One of my problems with “THE MIRROR CRACK’D” is the casting of Judy Cornwell as Heather Badcock. Upon reading Christie’s novel, I had the impression that Heather must have been at least in her mid-30s or early 40s when she was killed, and in her 20s when she first met Marina Gregg during World War II. However, Judy Cornwell was in her early 50s when this movie was made and looked it. And since “THE MIRROR CRACK’D” took place in the 1950s – at least a little over a decade before Heather and Marina’s first meeting – I found it hard to accept Cornwell as the clueless Heather. I was also not that enamored of the scene featuring the revelation of the murderer very unsatisfying. But if I must be honest, the killer revelation scenes have never impressed me in most of the Miss Marple movies that starred Joan Hickson. They tend to be rather badly written. And what made revelation in this movie unsatisfying was T.R. Bowen and director Norman Stone’s decision to have Miss Marple reveal the killer’s identity to a cab driver, who was driving her to Gossington Hall. What on earth were they thinking? Talk about ruining a pretty good movie with a bad ending.

My biggest problem with “THE MIRROR CRACK’D” turned out to be Detective Inspector Dermot Craddock’s character background. As I had stated earlier, Bowen’s screenplay revealed Craddock as one of Miss Marple’s nephew, repeating the 1980 film’s characterization of him. If this had been John Castle’s first appearance as Detective-Inspector Craddock, I would not be making this complaint. But the actor first portrayed the character in 1985’s “A MURDER IS ANNOUNCED”, which also starred Joan Hickson as the elderly sleuth. And in that movie, Miss Marple and Craddock were strangers who had met for the first time, not blood relations. This was truly sloppy writing on Bowen’s part.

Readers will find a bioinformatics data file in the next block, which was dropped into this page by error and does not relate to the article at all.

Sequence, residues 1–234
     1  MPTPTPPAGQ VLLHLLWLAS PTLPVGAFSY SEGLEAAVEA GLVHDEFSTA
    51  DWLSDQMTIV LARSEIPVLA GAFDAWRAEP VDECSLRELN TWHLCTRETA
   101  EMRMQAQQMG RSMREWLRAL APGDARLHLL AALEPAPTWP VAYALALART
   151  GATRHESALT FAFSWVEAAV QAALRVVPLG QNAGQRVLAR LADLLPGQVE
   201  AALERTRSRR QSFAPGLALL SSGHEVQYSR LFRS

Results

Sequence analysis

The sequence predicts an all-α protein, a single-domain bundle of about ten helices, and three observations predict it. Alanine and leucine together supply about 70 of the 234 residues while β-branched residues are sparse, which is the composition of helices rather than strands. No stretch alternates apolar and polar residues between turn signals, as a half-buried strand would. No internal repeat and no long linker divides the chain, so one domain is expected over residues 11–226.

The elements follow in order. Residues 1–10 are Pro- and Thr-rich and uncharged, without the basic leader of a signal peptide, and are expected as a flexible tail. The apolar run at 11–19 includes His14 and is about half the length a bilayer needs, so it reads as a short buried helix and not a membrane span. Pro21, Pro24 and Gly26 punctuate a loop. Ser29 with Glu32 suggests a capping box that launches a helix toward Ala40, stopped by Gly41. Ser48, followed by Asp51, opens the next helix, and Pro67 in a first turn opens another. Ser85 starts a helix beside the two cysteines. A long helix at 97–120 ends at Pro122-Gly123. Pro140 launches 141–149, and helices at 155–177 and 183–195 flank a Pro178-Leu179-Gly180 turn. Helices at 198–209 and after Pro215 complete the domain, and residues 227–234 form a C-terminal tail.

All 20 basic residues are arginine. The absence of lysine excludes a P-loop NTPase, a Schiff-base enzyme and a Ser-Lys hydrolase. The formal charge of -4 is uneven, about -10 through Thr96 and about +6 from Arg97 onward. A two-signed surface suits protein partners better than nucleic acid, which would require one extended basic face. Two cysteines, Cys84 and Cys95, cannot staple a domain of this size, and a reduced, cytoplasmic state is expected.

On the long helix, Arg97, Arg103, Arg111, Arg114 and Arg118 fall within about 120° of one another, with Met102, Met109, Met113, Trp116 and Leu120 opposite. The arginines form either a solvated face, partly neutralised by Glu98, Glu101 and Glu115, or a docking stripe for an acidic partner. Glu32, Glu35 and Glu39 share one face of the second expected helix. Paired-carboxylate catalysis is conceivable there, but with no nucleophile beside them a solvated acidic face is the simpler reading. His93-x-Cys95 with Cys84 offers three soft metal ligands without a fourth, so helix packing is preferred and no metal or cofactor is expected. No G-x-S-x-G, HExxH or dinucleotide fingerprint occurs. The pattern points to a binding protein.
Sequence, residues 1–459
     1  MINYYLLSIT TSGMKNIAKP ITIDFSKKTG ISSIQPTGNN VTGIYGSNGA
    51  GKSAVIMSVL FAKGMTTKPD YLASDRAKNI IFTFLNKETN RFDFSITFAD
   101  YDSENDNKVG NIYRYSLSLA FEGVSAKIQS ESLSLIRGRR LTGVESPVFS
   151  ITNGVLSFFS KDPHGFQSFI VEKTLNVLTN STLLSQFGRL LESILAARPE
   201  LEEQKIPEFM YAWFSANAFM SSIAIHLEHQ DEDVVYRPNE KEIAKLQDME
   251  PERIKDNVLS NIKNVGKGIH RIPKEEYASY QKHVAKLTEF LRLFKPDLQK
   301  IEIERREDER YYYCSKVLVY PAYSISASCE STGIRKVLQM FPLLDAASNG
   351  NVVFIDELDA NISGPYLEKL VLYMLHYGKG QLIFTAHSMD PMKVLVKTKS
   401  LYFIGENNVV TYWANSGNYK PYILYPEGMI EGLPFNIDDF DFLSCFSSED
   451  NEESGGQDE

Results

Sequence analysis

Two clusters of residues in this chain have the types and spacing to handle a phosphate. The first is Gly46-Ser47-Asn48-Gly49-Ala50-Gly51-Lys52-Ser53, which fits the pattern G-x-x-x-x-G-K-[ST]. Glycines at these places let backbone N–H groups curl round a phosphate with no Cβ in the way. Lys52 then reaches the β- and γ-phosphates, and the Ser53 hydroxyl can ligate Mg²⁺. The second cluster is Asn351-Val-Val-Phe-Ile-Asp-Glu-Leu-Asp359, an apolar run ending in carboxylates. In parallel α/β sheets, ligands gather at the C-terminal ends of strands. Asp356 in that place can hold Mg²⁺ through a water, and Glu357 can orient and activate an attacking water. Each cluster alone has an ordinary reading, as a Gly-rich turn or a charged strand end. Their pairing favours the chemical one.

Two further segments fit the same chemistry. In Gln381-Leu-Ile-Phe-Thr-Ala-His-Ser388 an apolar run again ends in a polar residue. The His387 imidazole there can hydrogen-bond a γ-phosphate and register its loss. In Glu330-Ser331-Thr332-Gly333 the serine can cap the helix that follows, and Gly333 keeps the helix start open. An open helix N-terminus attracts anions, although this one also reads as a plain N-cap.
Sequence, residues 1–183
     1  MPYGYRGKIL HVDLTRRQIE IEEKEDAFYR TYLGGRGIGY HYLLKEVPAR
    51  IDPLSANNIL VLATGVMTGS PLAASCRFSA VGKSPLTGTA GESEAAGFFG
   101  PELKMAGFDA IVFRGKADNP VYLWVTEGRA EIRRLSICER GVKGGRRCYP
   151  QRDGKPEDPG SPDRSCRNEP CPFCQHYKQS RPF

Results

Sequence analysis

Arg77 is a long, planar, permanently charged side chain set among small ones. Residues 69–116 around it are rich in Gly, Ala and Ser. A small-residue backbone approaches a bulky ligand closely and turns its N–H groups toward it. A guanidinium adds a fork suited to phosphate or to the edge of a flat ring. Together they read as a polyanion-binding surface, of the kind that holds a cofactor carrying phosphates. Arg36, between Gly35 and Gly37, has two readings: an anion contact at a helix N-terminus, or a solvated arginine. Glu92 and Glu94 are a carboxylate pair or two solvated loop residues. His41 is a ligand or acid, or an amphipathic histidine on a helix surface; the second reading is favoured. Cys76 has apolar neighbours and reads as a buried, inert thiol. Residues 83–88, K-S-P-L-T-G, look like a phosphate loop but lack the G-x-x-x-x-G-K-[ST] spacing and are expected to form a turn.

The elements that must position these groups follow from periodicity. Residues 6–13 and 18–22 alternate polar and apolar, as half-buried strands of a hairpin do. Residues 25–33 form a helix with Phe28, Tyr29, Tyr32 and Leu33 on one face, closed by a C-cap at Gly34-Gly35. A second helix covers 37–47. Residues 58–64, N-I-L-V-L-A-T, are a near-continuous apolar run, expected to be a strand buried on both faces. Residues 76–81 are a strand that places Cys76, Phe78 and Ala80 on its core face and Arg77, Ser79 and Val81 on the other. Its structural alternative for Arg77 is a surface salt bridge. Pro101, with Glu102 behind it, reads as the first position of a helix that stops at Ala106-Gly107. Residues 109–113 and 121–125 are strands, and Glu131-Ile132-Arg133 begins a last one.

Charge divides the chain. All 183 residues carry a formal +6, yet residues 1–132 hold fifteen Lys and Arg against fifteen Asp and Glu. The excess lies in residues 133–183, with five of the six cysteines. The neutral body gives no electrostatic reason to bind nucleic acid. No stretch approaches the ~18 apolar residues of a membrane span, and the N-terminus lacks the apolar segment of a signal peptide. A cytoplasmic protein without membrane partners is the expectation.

Fortunately, I still managed to enjoy “THE MIRROR CRACK’D” very much. I have to attribute this to Norman Stone’s lively direction. Most of the Jane Marple adaptations that starred Hickson had a tendency to drag in many parts. Aside from a few productions, I usually have difficulty staying alert, while watching them. I can thankfully say that I had no such problems with “THE MIRROR CRACK’D”. Not only did the movie benefited from Stone’s pacing, but also Bowen’s screenplay, and the cast. But I suspect that the movie’s subject matter – Hollywood in Britain – really helped to make“THE MIRROR CRACK’D” a lively affair. Not only did the story delved into the world of small town life in mid-20th century Britain, but also the Hollywood movie system during the same era. The movie featured some humorous interactions between the citizens of St. Mary Mead and its Hollywood visitors, along with a tension-filled dinner party featuring Marina, Jason, the latter’s secretary Ella Zeilinsky, producer Ardwyck Fenn and rival starlet Lola Brewster. Mind you, the movie lacked the entertaining bitch fest from the 1980 film, the script still managed to provide a few moments of bitchery from Marina, Ella and Lola. “THE MIRROR CRACK’D” also featured an amusing subplot featuring a companion hired by Miss Marple’s other nephew to take care of her. It seems the companion Miss Knight possessed a condescending manner that irritates the elderly woman.